‘Thank you,’ smiled Lizzie, edging away from the drinks so as not to spill anything down the pristine white silk. After six long months of searching, she was still in shock that she had found the dress of her dreams. Everyone kept telling her that she would know the right one when she saw it, but she’d been starting to suspect that might be a bridal myth. Last week she’d had a nightmare that she arrived at the wedding in a gown made from loo roll, which began to unravel in front of all their guests. She’d woken up covered in sweat and couldn’t get back to sleep, but Josh thought it was hilarious when she relayed the story the next morning. ‘Don’t worry, I’ll still marry you if you turn up in Andrex,’ he joked. ‘And think how much money we’d save . . .’
It was easy for him to laugh, of course; he’d chosen his suit after just two shopping trips and looked like a male model in it, the slimline cut complementing his lean, athletic build. ‘You’re not supposed to upstage the bride,’ she’d only half-joked when he tried it on, feeling the pressure to pick an equally special outfit increase tenfold. It was a huge relief to have finally found something so perfect. ‘I can’t believe you’re getting married!’ squealed Megan, the bubbliness of the champers already kicking in. ‘And in that fabulous dress.’ She glanced over at Mrs Sparkes, who had finally managed to stop sobbing long enough to take a sip of her drink. ‘Mrs S, we’re really going to have to get you some waterproof eye make-up.’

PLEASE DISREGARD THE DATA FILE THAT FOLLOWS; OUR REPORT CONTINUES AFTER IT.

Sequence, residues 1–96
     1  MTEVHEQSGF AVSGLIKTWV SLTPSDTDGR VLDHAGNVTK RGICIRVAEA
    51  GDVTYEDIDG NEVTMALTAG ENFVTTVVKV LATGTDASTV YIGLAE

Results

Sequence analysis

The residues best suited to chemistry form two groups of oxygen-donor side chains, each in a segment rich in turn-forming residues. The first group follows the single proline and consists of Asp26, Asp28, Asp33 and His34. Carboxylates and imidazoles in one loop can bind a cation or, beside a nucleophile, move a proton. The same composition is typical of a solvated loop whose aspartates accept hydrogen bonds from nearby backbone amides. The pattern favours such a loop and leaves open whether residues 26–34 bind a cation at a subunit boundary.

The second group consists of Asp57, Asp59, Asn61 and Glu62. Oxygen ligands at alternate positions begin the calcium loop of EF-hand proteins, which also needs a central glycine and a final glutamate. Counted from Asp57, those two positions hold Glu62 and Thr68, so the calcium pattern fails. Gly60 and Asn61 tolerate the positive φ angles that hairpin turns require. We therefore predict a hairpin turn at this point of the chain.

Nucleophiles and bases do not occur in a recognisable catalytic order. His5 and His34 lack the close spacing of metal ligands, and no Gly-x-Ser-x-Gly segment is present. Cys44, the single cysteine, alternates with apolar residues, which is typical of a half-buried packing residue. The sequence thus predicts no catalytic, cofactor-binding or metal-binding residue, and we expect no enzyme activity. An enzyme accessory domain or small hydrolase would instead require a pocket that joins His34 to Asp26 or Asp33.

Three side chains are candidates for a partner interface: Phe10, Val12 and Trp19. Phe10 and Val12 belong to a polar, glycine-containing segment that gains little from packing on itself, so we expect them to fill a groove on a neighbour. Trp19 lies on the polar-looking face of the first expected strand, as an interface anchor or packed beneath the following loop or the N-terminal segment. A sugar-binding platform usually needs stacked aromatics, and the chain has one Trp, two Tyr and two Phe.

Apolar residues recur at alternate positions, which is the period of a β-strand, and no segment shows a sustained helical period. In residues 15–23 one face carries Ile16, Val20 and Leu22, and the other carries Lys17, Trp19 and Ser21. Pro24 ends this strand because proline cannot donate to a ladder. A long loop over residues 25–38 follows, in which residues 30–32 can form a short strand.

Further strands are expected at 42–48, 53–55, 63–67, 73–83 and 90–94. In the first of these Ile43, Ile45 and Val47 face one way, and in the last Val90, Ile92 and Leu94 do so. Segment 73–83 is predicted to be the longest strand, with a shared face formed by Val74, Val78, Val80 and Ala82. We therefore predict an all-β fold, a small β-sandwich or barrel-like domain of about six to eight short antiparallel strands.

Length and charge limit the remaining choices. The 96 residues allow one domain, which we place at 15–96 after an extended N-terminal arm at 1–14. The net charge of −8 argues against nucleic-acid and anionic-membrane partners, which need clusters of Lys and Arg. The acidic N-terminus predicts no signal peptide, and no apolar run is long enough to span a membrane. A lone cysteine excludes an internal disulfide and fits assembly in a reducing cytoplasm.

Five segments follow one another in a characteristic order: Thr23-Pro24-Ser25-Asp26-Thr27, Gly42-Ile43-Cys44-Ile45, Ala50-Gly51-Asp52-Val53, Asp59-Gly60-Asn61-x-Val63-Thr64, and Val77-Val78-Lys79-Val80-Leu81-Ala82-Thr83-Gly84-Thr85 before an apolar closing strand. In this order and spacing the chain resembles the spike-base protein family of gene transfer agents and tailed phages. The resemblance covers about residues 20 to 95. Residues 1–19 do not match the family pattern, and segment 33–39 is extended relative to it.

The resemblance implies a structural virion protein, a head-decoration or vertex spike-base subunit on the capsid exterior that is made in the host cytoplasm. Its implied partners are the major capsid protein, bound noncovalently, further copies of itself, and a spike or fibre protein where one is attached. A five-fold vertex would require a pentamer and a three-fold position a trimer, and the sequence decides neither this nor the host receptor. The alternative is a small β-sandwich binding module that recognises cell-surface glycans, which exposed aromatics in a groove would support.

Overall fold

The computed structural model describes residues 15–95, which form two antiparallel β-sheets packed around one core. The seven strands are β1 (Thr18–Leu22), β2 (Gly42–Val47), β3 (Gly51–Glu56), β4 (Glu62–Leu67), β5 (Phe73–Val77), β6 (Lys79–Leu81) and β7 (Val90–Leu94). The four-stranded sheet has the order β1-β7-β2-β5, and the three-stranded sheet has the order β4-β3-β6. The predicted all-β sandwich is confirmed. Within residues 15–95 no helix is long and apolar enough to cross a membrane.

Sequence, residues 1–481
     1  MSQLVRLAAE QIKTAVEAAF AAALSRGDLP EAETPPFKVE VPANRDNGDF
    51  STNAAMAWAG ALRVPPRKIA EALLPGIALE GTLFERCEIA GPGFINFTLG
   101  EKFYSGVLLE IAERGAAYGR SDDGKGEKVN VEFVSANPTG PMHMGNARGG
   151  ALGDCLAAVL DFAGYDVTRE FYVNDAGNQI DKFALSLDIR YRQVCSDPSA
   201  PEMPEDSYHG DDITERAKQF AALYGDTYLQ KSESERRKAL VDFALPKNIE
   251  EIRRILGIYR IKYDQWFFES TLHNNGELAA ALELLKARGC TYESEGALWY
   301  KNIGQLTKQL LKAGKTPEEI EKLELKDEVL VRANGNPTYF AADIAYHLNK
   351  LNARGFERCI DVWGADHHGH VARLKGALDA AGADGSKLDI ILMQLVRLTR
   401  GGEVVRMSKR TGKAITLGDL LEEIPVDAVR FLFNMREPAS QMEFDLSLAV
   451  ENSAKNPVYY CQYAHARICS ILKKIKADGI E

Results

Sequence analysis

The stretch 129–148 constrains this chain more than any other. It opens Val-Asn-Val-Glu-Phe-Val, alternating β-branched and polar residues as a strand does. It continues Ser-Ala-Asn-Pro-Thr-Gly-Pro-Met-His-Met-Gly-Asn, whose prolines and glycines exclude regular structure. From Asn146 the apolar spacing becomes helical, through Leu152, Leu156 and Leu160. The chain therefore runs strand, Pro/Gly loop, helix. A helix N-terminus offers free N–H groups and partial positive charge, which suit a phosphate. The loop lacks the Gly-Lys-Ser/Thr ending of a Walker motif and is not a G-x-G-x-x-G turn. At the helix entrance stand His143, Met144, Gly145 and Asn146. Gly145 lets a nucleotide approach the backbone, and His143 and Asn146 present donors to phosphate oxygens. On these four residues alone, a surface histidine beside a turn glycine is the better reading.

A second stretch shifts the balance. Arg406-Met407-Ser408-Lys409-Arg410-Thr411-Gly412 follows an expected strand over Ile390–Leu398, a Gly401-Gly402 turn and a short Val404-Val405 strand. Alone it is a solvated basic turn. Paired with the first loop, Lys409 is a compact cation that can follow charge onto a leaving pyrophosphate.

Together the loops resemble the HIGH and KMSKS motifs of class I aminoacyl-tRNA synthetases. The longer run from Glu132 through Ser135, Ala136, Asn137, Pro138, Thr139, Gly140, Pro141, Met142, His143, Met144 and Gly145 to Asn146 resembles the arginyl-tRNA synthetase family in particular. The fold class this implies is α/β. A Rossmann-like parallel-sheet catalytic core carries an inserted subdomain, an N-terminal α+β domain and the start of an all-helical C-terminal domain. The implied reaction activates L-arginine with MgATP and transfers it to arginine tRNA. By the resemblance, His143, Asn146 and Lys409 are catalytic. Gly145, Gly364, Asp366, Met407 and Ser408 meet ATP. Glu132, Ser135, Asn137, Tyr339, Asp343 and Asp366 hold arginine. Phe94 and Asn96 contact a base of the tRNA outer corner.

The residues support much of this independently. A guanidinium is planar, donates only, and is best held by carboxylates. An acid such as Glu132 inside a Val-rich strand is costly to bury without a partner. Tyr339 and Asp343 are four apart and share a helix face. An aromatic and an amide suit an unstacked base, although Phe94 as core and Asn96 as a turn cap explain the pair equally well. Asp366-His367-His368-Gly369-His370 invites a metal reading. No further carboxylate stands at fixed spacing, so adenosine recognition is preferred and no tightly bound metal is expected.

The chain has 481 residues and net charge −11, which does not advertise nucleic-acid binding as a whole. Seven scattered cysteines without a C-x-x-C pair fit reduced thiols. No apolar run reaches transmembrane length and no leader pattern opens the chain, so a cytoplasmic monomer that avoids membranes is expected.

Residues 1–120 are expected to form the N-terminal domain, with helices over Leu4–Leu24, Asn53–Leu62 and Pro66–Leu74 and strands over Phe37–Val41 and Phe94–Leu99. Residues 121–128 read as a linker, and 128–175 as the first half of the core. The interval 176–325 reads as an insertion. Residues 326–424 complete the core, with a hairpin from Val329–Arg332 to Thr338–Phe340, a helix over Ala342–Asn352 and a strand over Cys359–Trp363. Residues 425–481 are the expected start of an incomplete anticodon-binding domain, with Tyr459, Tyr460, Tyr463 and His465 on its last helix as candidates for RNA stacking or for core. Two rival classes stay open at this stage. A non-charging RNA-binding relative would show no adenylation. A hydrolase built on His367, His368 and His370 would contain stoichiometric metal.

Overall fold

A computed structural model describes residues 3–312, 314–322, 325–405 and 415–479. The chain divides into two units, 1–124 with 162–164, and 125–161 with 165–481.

‘Oh, I don’t think I can manage anything else today, love. I’m completely shopped out.’
‘Fair enough, but you’ll want some for the wedding. I’ll see what I can find at work.’ Megan was a journalist for a popular style website, and was sent so many samples that her bathroom was starting to resemble the cosmetics hall at Harrods. The retail worth of her monthly beauty booty was probably twice her modest salary.